Can U.S. stocks still return 5% in 2016?

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"Is it realistic to expect a 5% to 7% return on stocks in 2016 or should I lower my hopes?" asks CNNMoney reader Harold Hughes of Cotuit, MA.

Short answer: Lower your hopes.

Stocks are off to a brutal start in 2016. Nearly all investors are losing money. The U.S. market has shed about 10%. Tech stocks are getting hammered even more.

Welcome to the era of diminished stock market expectations. Nearly every Wall Street firm has slashed predictions for how stocks will perform in 2016.

Heading into this year, there was a lot of optimism. The U.S. economy looked strong. Hiring was up and the belief was people would go out and buy more stuff and that would drive growth.

As recently as mid-December, the average prediction for stocks in 2016 was a whopping 9% gain.

Now experts say we'll be "lucky" to get 4% to 5%. It hinges on U.S. consumers continuing to spend.

Related: Dow drops over 350 points as oil sinks below $30

China and oil are pulling global stocks down

"I wouldn't rule out 5%, but I think anything more than that is more hope than I'm comfortable with at the moment," says Brad McMillian, chief investment officer at Commonwealth Financial.

McMillian is one of many experts who has cut his forecast. He now predicts the S&P 500 will end the year at 2,050. That's barely higher from where it started.

Basically, the world economy belly flopped at the start of the year. The Chinese tinkered with their currency again, which was interpreted as another warning sign that the second biggest economy in the world is slowing faster than feared.

The pullback in China is spreading rapidly around the world. While the U.S. has been largely unscathed, the reality is no economy is an island anymore.

On top of that, oil fell to a 13-year low and the U.S. dollar keeps surging, making it tricky for American companies doing business abroad.

Related: Why China doesn't know what it's doing

A recession is still a slim possibility

Investors have sold stocks as they bet that companies, even in the U.S., just can't grow a lot more in a world that is going through what Apple CEO Tim Cook recently described as "extreme conditions."

The question now is how bad it will get. Fears of a global -- and even U.S. -- recession are rising, although the probability of that worst case scenario happening is still only about 20%.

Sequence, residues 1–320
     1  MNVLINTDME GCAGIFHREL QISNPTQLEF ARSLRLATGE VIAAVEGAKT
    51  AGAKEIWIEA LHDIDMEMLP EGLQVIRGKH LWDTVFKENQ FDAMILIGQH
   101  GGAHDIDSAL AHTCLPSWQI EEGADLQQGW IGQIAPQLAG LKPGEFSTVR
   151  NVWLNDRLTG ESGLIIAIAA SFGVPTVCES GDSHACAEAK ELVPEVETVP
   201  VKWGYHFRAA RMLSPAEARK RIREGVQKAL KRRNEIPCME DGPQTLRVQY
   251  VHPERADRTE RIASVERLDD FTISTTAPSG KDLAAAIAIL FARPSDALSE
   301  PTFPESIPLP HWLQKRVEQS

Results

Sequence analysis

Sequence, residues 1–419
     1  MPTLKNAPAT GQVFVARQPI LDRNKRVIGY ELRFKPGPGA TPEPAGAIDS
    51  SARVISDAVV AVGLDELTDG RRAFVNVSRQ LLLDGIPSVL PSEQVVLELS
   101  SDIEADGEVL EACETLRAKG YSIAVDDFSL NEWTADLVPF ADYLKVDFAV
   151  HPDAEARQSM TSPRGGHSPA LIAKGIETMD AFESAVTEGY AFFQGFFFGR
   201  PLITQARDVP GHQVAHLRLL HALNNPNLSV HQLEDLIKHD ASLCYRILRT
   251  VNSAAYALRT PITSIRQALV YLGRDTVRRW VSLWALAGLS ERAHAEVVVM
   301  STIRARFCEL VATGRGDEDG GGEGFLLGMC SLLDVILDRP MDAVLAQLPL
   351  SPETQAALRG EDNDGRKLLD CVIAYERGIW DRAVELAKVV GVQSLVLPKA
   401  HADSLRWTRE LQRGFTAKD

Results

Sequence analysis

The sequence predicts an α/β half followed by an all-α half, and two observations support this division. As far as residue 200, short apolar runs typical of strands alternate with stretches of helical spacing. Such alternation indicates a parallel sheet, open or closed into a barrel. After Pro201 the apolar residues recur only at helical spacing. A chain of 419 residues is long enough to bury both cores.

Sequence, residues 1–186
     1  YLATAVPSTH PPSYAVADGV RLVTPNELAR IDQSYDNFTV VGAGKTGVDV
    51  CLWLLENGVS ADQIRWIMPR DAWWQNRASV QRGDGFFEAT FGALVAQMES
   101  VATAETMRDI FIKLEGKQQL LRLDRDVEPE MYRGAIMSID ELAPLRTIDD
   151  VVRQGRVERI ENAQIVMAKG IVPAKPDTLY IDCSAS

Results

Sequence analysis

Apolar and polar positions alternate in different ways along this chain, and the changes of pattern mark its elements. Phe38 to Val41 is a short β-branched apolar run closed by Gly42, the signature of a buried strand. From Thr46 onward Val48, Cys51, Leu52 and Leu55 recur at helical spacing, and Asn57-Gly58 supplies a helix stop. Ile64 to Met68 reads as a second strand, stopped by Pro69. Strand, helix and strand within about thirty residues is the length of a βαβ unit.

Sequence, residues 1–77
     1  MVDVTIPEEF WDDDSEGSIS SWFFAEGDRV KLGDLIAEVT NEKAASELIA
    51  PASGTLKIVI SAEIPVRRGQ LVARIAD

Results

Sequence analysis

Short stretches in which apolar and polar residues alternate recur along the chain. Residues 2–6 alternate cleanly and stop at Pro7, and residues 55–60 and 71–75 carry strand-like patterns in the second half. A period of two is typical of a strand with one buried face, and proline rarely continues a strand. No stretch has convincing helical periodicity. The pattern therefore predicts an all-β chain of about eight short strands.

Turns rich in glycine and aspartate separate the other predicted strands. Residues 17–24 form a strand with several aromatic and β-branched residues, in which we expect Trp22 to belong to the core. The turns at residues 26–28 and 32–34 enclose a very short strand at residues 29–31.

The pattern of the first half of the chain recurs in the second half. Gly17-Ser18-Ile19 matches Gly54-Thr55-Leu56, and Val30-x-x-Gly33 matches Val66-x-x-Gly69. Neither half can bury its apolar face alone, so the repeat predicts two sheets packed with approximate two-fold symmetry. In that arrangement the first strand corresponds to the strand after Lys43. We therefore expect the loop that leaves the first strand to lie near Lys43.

"I don't think we'll see a collapse here. The economic conditions don't seem to be in place," says McMillan. He believes the market is pricing in too much doom and gloom.

Related: Why doesn't 4.9% unemployment feel great?

So what should an investor do?

So what should an investor like Harold Hughes do?

"What I would say to an investor now is: Don't focus on this year alone," says Katie Nixon, chief investment officer at Northern Trust Wealth Management.

Over every 15 year period since World War II, the U.S. stock market has made money for investors (often A LOT of money). Sticking in stocks pays off.

Northern Trust Wealth Management is forecasting a 4% to 7% return for stocks over the next five years.

"That may not sound like a lot, but it's coming off a period where we've had above-average returns," notes Nixon.

Related: U.S. economy still healthy, says key Fed official

Investors who feel queasy should talk to their financial adviser and make sure they still have a good long-term strategy for their retirement or other goals. It also makes sense in an environment like this to look for so called "Blue Chip" American stocks -- big, well-known companies that pay dividends.

While stock prices may not go up much this year, many companies are still paying their dividends. That helps to boost returns. Consider this: last year, the S&P 500 index lost 0.7%. BUT it actually gained 1.2% if your dividends were reinvested (which most "buy and hold" investors do).

"To say we're not going to get rich in equities doesn't mean they're not a good place to be," says McMillian.

Have an investing question? Email heather.long@cnn.com or fill out the form here.

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